In another preferred embodiment, output DOE 84 is designed and configured to perform the focussing function without axiliary focussing devices.

In yet another preferred embodiment, output DOE 84 is designed and configured to perform the focussing function along with lens 87, which complements and completes the focussing performed by output DOE 84.

In yet another preferred embodiment, provided in FIG. 6 c, the output channel is an assembly consisting of a lens 87, detector 89, amplifier 91, and copper wire 93. In this case, the signal transferred to the copper wire is an RF signal.

A schematic diagram depicting the function of the above-described inventive optical crossbar switch 200 is provided in FIG. 7. A total of N individual light inputs can be introduced (via a linear array, as shown in FIG. 6 b) to optical crossbar switch 200, wherein these of N individual light inputs are operatively connected to a total of M individual light outputs.

According to the system and method of the present invention, dynamic routing of multiple signals is achieved by switching the shutter assembly elements in an appropriate manner. Moreover, interconnection schemes other than N:M are possible, such as one input to M outputs (multi-casting), N inputs to one output (combining), or more generally, (N-X) inputs to M outputs or N inputs to (M-Y) outputs, X being an integer smaller than N, Y being an integer smaller than M, and wherein X and Y are greater than or equal to 1.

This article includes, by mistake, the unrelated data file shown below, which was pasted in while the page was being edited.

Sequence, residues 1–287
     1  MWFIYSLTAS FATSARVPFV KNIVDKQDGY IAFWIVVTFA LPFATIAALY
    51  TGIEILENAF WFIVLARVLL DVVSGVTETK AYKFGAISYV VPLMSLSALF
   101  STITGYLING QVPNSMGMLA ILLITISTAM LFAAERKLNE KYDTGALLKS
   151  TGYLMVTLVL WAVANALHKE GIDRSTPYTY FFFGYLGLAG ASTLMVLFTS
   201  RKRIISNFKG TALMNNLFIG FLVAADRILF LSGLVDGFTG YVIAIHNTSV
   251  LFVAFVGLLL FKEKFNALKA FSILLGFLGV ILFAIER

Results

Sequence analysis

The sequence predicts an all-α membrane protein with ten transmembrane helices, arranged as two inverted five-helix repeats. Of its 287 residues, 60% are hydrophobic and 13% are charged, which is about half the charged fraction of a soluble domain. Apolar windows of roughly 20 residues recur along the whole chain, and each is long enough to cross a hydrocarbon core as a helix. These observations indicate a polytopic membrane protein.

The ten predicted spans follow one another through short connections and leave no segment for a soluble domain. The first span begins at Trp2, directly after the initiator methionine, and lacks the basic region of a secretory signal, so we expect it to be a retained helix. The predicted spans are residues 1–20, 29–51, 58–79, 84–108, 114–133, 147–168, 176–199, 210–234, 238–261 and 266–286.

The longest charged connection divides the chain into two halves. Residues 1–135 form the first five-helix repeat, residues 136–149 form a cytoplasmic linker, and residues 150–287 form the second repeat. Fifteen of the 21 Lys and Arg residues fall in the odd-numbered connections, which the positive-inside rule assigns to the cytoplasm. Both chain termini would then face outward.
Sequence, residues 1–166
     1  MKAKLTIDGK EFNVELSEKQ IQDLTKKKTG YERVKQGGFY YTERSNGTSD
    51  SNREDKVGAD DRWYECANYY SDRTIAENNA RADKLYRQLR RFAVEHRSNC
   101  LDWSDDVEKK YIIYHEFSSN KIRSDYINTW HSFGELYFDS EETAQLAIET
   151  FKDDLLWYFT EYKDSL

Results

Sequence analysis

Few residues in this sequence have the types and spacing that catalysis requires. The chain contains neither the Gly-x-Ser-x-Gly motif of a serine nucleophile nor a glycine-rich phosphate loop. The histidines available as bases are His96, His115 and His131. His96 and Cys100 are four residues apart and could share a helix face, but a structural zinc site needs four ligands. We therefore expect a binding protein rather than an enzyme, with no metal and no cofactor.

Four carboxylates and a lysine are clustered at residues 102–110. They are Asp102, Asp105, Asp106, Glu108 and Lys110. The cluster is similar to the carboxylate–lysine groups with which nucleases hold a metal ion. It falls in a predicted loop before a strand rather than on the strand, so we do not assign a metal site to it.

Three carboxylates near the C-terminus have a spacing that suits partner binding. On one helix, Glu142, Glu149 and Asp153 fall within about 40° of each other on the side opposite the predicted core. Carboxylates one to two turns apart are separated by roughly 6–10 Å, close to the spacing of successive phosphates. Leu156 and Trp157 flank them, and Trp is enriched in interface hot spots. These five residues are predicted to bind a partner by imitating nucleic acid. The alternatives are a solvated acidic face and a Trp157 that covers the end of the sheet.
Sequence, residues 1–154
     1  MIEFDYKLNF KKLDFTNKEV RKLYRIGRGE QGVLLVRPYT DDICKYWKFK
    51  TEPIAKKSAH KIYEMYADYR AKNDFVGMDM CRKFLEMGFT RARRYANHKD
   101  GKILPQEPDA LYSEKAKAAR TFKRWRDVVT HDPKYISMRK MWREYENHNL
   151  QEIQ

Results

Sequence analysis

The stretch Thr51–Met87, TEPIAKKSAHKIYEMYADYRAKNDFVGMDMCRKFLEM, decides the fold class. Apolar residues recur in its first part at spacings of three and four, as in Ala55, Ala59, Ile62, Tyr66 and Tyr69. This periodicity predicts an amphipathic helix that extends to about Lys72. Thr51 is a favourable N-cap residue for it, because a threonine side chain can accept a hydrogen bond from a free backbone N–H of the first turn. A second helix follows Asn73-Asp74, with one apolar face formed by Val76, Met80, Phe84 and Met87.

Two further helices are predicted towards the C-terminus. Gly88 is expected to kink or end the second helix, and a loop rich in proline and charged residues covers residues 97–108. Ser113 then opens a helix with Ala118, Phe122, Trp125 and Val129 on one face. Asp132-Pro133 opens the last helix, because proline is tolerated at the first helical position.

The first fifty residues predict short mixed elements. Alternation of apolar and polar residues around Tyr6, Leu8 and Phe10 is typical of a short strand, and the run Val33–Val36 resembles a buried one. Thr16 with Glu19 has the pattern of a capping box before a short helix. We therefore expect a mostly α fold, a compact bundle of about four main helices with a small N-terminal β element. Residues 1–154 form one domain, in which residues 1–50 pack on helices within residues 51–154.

For some applications, the combining interconnection scheme is only effective for N inputs wherein each of the inputs has a different characteristic wavelength.

The collimation of the input light can be achieved using diffractive elements of various kinds, including:

    • 1) a DOE disposed on the surface of the substrate having the requisite optical properties;
    • 2) a lens disposed at the end of the optic fiber carrying the light source, e.g., a ball lens or Grin (graded index) lens;
    • 3) an integrated collimation element including a lens disposed at the end of the optic fiber followed by a DOE disposed on the surface of the substrate and having at least some of the requisite optical properties.
      In the case of the integrated collimation element (shown in FIG. 8), the requirements on the lens 110 disposed at the end of the optic fiber 112 and the requirements on the DOE 60 disposed on the surface of the substrate 42 are substantially more relaxed than the requirements for either optical element functioning alone.

As used herein in the specification and in the claims section that follows, the phrase “substantially total internal reflection” refers to a total reflection with the limitation that in some cases due to impurities, defective polishing, etc., some of the light is not reflected but escapes from the planar substrate. These phenomena are well known in the art. In fact a true total internal reflection (i.e., 100% of the light being reflected) is theoretical. However, loss of up to a few percent (e.g., less than 30%, preferably less than 10%, most preferably less than 1%) of the light is tolerated and is included under the definition of “substantially total internal reflection”, as used herein.